Iron Duke 1873 1892 name reused from Iron Duke class locomotive withdrawn in 1871 (see above for details)
Timour 1873 1892 name reused from Iron Duke class locomotive withdrawn in 1871 (see above for details)
Sultan 1876 1892 name reused from Iron Duke class locomotive withdrawn in 1874 (see above for details)
Tartar 1876 1892 name reused from Iron Duke class locomotive withdrawn in 1876 (see above for details)
Warlock 1876 1892 name reused from Iron Duke class locomotive withdrawn in 1874 (see above for details)
Amazon 1878 1892 name reused from Iron Duke class locomotive withdrawn in 1877 (see above for details)
Courier 1878 1892 name reused from Iron Duke class locomotive withdrawn in 1877 (see above for details)
Crimea 1878 1892 name reused from Iron Duke class locomotive withdrawn in 1876 (see above for details)
Eupatoria 1878 1892 name reused from Iron Duke class locomotive withdrawn in 1876 (see above for details)
Inkermann 1878 1892 name reused from Iron Duke class locomotive withdrawn in 1877 (see above for details)
Lightning 1878 1892 name reused from Iron Duke class locomotive withdrawn in 1878 (see above for details)
Alma 1880 1892 name reused from Iron Duke class locomotive withdrawn in 1872 (see above for details)
Bulkeley 1880 1892 This locomotive worked the last broad gauge passenger train out of Paddington Station on the afternoon of Friday, 20 May 1892. It worked this as far as Bristol Temple Meads and then returned early the following morning with the last train from Penzance, thus being the last broad gauge locomotive to work a passenger train on the main line. The name, Bulkeley, honoured a long-standing Great Western Railway director. It had previously been carried on a Sir Watkin class0-6-0T that had been sold to the South Devon Railway Company in 1872.
Dragon 1880 1892 name reused from Iron Duke class locomotive withdrawn in 1872 (see above for details)
Emperor 1880 1892 name reused from Iron Duke class locomotive withdrawn in 1873 (see above for details)
Great Britain 1880 1892 name reused from Iron Duke class locomotive withdrawn in 1880 (see above for details)
Sebastopol 1880 1892 name reused from Iron Duke class locomotive withdrawn in 1880 (see above for details)
Great Western 1888 1892 Great Western had the honour of hauling the last broad gauge "Cornishman" service from Paddington Station, which was the last through train to Penzance, although the locomotives were changed at Bristol Temple Meads. The name was reused from an Iron Duke class locomotive withdrawn in 1870 (see above for details)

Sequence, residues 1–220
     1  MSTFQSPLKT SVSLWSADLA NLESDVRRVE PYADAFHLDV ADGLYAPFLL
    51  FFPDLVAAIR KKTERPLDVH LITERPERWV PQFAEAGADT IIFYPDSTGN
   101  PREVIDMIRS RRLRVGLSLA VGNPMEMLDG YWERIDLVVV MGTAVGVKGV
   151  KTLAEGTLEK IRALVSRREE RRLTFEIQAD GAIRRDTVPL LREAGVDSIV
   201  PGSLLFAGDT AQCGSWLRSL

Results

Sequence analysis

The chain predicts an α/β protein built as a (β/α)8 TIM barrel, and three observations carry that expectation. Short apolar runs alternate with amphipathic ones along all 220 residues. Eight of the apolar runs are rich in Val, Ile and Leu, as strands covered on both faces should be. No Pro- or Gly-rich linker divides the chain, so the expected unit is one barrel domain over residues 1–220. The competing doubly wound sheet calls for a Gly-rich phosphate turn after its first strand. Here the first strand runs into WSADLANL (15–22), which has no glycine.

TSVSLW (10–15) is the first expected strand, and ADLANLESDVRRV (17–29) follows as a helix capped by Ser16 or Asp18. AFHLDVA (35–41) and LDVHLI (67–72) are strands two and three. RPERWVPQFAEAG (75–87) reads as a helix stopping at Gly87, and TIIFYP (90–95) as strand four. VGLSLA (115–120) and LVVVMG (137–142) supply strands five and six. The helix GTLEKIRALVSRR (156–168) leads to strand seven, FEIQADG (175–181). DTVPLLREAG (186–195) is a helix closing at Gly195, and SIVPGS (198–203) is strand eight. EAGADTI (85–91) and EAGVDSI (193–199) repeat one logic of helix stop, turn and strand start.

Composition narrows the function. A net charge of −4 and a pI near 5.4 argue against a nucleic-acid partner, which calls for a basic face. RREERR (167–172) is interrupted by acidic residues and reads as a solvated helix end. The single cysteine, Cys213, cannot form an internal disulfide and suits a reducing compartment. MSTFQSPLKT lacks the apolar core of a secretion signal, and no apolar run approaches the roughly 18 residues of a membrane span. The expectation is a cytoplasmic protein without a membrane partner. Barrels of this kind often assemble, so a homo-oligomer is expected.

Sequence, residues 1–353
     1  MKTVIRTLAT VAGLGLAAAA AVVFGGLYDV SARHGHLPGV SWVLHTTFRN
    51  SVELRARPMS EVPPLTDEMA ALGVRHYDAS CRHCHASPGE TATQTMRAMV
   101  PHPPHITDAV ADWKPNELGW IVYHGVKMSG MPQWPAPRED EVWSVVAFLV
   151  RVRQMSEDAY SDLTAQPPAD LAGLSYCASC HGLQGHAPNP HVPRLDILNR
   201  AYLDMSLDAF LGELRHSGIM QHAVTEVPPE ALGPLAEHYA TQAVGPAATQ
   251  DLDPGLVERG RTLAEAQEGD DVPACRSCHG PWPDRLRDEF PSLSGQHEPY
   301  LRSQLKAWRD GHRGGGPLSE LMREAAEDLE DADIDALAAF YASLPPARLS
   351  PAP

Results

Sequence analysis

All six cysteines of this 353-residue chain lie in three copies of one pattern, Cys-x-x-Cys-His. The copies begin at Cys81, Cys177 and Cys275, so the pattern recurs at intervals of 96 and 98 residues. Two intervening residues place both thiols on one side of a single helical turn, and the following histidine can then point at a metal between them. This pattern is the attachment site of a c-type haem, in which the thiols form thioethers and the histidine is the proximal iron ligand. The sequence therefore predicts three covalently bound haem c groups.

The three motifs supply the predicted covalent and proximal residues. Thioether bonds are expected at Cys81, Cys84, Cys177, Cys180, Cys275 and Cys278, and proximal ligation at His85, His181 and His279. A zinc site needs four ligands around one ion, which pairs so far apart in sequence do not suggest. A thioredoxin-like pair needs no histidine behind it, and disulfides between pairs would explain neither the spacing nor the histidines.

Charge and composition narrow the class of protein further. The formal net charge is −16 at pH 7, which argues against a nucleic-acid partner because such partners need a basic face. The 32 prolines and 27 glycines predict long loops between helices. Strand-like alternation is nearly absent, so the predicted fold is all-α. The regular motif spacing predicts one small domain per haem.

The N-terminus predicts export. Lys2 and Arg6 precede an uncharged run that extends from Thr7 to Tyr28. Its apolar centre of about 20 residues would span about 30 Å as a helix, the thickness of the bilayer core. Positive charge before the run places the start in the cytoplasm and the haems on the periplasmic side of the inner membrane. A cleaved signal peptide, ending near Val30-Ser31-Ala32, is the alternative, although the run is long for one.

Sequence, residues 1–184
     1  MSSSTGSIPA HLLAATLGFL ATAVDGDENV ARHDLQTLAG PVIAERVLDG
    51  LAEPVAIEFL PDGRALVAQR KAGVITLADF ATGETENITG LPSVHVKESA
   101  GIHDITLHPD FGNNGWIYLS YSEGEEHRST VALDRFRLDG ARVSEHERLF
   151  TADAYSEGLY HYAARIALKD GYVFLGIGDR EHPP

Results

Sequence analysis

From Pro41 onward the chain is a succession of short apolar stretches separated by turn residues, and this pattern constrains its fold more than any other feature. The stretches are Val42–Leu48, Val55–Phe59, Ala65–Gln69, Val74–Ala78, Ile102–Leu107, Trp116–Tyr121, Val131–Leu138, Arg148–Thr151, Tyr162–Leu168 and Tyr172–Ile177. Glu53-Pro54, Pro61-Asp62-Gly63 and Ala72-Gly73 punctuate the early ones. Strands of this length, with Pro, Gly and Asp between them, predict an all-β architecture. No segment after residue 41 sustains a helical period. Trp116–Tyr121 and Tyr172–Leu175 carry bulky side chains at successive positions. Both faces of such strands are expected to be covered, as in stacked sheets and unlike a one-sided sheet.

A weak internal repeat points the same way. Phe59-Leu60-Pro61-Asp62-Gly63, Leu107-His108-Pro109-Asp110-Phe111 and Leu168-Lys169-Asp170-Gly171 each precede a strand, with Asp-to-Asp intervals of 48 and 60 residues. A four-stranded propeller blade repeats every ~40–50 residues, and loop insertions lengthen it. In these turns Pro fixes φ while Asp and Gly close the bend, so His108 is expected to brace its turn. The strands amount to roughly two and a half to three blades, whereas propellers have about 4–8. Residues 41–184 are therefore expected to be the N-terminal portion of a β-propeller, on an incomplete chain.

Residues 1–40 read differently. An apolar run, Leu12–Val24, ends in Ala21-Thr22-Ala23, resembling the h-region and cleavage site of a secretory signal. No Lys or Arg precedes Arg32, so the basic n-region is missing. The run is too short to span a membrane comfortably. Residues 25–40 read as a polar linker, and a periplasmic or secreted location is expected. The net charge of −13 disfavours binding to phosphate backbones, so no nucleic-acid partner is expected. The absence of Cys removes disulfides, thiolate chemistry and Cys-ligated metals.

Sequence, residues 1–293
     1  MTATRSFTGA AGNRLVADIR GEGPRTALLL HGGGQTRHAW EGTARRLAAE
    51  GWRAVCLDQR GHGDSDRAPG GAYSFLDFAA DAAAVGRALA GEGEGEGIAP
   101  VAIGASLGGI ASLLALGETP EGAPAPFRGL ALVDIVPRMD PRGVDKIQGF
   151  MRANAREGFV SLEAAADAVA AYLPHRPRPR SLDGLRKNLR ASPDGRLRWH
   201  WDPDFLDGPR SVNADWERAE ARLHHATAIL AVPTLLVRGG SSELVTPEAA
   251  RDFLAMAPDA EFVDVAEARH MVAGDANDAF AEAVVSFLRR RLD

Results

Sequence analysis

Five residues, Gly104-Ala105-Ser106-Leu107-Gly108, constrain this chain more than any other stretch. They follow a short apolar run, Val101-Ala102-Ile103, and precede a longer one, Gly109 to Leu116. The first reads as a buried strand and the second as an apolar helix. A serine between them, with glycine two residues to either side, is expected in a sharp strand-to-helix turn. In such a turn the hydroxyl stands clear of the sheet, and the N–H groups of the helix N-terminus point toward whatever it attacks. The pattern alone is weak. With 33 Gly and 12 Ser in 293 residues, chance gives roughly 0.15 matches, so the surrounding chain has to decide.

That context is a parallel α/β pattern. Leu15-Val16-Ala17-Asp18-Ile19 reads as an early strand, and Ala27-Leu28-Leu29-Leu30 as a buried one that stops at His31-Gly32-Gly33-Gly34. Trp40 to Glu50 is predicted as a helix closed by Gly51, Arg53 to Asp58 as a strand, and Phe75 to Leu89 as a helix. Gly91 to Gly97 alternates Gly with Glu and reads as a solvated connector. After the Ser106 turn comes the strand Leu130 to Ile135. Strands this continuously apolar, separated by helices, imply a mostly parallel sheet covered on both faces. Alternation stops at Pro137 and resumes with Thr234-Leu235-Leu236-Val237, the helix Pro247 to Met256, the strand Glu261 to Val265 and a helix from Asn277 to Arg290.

Prometheus 1888 1892 name reused from Iron Duke class locomotive withdrawn in 1887 (see above for details)
Tornado 1888 1892 name reused from Iron Duke class locomotive withdrawn in 1881 (see above for details)

Replica[edit]

1985 replica of Iron Duke locomotive. Taken at the Maritime Heritage Centre alongside the Great Western Dockyard, Bristol for the duration of the Brunel 200 celebrations.
Iron Duke replica view, at Bristol.

In 1985 a working replica of Iron Duke was constructed using parts from two Hunslet Austerity tanks as part of the Great Western 150 celebrations. The boiler certificate has expired so it cannot currently be steamed.

It part of the National Railway Collection but is currently on long-term loan to the Didcot Railway Centre, which has a section of working broad gauge track.[3]

The replica appeared in The Railway Series book Thomas and the Great Railway Show, in which it was portrayed with whiskery eyebrows and a walrus moustache.

References[edit]

  • Reed, P. J. T. (February 1953). White, D. E., ed. The Locomotives of the Great Western Railway, Part 2: Broad Gauge. Kenilworth: RCTS. pp. B18, B19–B20, B29–B31. ISBN 0-901115-32-0. 
  1. ^ Casserley, H.C. (1960). Historic locomotive pocket book. London: Batsford. pp. 12–13. 
  2. ^ "History of the Broad Gauge". The Broad Gauge Society. Retrieved 2007-01-30. 
  3. ^ "Steam locomotive entitled Iron Duke". Our collection. National Railway Museum. Retrieved 2013-12-13. 

External links[edit]